How Keeping Fish Can Help Children With Learning Disabilities
by Robert, Editor at Fishkeeping World
Children with sensory processing disorders, developmental disabilities, Autism and ADHD often need more time to process things and usually benefit from visual supports and strategies in their day-to-day lives.
Things that are seemingly easy everyday things for the majority of people can prove really difficult for those children with additional needs, for example, transitioning from one thing to the next and recognizing when and how to calm down.
The visual aid of seeing something in physical form, whether it’s as a flash card, part of a visual timetable or a real object, helps children with additional needs to prepare for and plan for upcoming things in their life.
Whilst many occupational therapists, teachers and professionals are aware of the benefits that visual aids provide children with, only a few are aware of one very simple and effective method; animal assisted therapy.
Animal assisted therapy is widely recognized in helping children with autism to form relationships, but when most people think of animal assisted therapy, they think of horses, cat, dogs and other larger animals.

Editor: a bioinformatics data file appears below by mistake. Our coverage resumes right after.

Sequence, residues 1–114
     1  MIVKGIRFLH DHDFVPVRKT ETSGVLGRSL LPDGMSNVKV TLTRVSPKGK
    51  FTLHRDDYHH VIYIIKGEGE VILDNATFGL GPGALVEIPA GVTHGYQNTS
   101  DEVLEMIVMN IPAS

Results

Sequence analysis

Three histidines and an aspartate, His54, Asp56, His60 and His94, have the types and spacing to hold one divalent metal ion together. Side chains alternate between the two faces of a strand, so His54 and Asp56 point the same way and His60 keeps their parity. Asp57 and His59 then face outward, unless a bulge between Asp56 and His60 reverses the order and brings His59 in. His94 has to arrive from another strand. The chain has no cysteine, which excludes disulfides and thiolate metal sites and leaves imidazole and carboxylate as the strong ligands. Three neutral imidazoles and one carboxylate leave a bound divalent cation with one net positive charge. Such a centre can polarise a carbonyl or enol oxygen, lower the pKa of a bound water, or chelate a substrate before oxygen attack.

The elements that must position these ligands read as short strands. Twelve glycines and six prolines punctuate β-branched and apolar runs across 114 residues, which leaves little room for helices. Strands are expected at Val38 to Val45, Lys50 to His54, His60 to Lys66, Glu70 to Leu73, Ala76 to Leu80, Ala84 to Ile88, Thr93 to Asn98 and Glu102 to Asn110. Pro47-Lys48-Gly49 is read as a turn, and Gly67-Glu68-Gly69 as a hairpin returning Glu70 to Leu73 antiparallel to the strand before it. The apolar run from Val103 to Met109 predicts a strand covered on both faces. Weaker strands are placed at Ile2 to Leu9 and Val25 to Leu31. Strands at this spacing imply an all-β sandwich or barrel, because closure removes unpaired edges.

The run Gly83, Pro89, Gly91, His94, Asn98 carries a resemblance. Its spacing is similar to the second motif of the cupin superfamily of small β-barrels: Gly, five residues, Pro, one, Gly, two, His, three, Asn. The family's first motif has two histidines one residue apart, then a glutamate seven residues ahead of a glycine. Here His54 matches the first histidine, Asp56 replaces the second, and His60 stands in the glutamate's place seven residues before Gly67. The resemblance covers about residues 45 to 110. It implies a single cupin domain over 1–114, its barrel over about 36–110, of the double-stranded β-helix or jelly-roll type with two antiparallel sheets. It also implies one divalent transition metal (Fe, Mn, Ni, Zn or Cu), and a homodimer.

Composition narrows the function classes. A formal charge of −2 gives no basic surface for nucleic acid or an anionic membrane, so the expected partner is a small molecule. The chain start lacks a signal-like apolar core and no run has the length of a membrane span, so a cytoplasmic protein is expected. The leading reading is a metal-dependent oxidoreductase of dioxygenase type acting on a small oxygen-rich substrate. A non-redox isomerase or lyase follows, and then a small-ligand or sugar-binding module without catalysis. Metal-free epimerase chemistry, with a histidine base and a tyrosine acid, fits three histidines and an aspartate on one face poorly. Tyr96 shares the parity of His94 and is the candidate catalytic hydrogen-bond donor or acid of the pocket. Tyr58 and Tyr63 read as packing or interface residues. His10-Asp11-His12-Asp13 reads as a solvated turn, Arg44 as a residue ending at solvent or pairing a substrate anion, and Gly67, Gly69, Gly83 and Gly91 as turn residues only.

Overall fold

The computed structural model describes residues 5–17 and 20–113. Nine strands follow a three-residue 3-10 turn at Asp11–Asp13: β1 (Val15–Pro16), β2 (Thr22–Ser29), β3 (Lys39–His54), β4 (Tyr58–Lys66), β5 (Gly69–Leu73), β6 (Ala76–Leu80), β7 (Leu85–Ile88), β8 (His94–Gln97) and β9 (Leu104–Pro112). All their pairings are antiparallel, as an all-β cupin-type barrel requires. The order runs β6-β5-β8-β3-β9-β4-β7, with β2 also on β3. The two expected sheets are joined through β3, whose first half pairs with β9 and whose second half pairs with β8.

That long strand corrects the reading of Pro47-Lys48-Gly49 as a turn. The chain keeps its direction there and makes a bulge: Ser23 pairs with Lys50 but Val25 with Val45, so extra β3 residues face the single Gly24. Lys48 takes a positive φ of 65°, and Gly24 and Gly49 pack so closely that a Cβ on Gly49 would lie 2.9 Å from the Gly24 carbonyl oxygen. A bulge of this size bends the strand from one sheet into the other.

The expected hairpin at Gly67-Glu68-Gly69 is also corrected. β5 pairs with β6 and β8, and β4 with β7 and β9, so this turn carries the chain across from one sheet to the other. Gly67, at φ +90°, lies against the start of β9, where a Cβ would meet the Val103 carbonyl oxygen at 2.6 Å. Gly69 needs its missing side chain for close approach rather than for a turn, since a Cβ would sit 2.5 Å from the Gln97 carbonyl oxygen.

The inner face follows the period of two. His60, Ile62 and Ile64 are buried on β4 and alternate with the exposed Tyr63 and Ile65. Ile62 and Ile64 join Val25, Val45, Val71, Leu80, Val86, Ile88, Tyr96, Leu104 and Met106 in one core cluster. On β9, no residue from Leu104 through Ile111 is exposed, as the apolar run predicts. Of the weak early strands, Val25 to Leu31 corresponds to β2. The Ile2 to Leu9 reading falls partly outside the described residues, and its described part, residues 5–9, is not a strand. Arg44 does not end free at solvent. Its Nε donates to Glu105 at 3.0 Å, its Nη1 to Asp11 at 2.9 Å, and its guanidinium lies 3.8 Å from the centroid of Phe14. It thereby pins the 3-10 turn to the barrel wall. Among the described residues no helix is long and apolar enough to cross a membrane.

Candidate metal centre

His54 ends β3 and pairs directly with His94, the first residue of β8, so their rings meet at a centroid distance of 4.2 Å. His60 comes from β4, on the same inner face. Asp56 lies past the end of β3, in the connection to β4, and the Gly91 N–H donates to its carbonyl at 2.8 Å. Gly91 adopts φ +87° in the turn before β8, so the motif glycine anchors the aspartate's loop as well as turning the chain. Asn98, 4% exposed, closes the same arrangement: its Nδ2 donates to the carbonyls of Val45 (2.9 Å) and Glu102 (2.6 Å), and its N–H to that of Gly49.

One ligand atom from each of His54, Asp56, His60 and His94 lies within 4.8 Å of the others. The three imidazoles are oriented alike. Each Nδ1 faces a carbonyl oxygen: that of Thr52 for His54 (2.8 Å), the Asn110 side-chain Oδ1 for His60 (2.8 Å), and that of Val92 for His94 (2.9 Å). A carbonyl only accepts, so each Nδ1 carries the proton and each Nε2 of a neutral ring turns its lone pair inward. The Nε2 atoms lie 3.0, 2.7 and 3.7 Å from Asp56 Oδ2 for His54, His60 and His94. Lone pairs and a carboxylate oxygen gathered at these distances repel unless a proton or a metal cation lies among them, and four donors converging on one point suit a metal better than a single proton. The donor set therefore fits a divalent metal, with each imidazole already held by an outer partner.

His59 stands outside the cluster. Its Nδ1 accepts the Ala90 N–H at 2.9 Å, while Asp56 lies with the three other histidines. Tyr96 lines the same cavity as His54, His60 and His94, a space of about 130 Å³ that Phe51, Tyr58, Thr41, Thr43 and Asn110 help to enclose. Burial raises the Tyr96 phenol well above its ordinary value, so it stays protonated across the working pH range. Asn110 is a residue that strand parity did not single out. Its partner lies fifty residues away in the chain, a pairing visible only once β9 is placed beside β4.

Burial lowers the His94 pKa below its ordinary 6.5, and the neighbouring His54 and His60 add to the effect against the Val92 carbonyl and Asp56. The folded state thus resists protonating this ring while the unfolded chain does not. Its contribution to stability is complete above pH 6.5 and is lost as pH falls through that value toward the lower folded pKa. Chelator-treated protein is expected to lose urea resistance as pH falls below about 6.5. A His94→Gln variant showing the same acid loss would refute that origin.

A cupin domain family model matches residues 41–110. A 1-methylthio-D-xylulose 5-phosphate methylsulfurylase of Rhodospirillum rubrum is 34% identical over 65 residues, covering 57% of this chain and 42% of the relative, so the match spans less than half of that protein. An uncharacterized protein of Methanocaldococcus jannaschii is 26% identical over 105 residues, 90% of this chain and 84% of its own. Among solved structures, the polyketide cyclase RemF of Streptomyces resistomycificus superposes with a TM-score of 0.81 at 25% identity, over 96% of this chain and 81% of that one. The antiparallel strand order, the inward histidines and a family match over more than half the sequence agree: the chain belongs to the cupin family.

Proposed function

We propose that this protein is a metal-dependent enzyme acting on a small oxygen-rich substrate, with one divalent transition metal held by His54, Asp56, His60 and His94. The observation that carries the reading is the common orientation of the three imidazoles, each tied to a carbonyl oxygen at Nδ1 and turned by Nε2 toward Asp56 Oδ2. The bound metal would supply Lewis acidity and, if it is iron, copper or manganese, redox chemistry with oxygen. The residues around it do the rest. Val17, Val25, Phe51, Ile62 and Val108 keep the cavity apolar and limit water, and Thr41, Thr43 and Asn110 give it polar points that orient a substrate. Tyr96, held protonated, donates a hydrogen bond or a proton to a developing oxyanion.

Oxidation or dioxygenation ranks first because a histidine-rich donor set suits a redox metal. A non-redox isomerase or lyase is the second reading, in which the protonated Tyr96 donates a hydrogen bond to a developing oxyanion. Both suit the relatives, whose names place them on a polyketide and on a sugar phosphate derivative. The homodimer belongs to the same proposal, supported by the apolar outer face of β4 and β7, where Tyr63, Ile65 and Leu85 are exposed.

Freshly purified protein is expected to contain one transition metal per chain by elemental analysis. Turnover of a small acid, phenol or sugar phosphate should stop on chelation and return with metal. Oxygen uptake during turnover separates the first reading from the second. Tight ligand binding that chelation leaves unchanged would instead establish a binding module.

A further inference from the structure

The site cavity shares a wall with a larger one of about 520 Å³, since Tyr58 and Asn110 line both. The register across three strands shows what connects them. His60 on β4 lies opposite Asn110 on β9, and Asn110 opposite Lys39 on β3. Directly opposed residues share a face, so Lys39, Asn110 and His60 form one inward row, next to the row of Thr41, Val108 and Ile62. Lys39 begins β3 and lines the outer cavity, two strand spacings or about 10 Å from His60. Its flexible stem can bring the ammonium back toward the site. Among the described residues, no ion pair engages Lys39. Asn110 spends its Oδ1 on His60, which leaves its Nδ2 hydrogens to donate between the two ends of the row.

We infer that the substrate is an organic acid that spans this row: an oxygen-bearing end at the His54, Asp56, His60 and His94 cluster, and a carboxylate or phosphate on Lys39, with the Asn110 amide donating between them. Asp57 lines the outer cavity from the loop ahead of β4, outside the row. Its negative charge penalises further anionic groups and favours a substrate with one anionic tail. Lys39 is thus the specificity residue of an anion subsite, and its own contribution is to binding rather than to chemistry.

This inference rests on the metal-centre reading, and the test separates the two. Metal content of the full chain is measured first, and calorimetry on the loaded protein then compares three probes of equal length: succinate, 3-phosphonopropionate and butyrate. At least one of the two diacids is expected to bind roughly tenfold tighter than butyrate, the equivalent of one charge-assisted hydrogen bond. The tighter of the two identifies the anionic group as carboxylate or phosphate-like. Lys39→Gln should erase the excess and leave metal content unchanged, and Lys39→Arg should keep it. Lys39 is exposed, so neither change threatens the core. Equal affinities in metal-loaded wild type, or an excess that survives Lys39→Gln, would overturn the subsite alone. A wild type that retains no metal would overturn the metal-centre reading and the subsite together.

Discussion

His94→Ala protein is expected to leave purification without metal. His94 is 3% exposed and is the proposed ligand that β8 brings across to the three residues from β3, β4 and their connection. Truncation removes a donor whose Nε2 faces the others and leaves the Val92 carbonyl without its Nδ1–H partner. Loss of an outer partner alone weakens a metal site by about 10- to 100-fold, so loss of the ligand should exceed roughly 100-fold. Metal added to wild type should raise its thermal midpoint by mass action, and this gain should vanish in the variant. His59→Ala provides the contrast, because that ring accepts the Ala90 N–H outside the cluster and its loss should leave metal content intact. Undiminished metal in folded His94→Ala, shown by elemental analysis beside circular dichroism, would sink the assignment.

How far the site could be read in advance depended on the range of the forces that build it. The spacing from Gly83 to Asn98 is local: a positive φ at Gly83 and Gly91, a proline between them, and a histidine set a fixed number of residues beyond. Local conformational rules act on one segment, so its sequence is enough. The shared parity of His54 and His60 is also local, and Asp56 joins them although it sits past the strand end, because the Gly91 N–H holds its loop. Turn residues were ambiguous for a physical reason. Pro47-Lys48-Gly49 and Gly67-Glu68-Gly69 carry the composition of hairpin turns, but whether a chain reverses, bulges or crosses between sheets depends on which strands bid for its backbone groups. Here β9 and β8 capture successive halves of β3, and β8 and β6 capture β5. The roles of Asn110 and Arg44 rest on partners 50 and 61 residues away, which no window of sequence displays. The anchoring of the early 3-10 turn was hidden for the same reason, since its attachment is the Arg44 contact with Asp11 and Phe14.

This therapy also helps to improve the mood of children, and help them participate and get the most out of other therapy sessions such as speech and language, occupational therapy and physiotherapy.
Most of these larger animals however, are near impossible to have in the classroom, or therapy setting.
One way to incorporate animal-assisted therapy into any setting, extremely easily, is keeping a fish tank.
Watching fish reduces anxiety and stress which is a common factor amongst children with additional needs. Researchers from the University of Pennsylvania have found that keeping fish is an effective therapy which helps with disruptive behaviors in children.
This infographic on 15 Ways Fish Reduce Stress and Improve Mental Health, shows all the ways keeping, or even just watching fish, can reduce stress and have calming effects for children.